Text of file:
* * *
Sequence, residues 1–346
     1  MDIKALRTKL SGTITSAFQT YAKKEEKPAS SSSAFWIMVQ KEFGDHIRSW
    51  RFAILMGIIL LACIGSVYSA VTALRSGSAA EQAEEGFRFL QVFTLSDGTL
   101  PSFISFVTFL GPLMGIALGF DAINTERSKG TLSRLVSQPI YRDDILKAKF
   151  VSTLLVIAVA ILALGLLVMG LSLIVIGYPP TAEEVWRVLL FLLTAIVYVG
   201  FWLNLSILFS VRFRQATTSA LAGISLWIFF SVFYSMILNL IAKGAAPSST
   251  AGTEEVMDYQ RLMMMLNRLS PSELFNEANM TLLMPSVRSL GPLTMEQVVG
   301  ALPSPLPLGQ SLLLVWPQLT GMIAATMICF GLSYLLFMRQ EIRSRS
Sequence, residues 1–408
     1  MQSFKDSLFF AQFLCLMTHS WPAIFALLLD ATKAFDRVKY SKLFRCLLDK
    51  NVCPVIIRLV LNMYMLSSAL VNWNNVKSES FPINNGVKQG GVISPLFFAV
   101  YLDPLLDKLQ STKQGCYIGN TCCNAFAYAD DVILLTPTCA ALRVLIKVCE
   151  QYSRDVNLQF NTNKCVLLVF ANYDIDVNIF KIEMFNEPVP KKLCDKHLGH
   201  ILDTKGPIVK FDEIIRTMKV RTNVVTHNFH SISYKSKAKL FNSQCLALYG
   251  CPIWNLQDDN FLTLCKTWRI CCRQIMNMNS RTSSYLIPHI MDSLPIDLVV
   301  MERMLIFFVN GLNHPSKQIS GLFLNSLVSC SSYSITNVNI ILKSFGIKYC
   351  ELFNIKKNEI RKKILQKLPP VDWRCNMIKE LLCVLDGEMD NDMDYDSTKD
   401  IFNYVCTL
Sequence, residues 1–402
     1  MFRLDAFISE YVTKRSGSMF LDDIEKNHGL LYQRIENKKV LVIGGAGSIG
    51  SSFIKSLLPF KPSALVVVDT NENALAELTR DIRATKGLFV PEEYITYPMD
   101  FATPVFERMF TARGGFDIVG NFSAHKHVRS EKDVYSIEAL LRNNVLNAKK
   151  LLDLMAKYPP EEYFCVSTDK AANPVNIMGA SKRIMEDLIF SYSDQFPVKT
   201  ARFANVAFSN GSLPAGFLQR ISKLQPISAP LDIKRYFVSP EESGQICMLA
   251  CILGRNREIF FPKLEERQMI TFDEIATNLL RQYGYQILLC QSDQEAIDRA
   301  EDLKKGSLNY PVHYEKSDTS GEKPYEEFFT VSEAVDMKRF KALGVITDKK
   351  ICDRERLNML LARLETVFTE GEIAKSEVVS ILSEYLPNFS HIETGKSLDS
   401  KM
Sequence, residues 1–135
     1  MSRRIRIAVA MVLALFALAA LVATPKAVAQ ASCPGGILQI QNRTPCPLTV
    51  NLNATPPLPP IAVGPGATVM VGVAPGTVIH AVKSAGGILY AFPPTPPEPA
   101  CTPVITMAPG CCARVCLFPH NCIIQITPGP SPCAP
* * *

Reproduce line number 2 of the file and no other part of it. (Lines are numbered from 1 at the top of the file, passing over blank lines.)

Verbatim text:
     1  MDIKALRTKL SGTITSAFQT YAKKEEKPAS SSSAFWIMVQ KEFGDHIRSW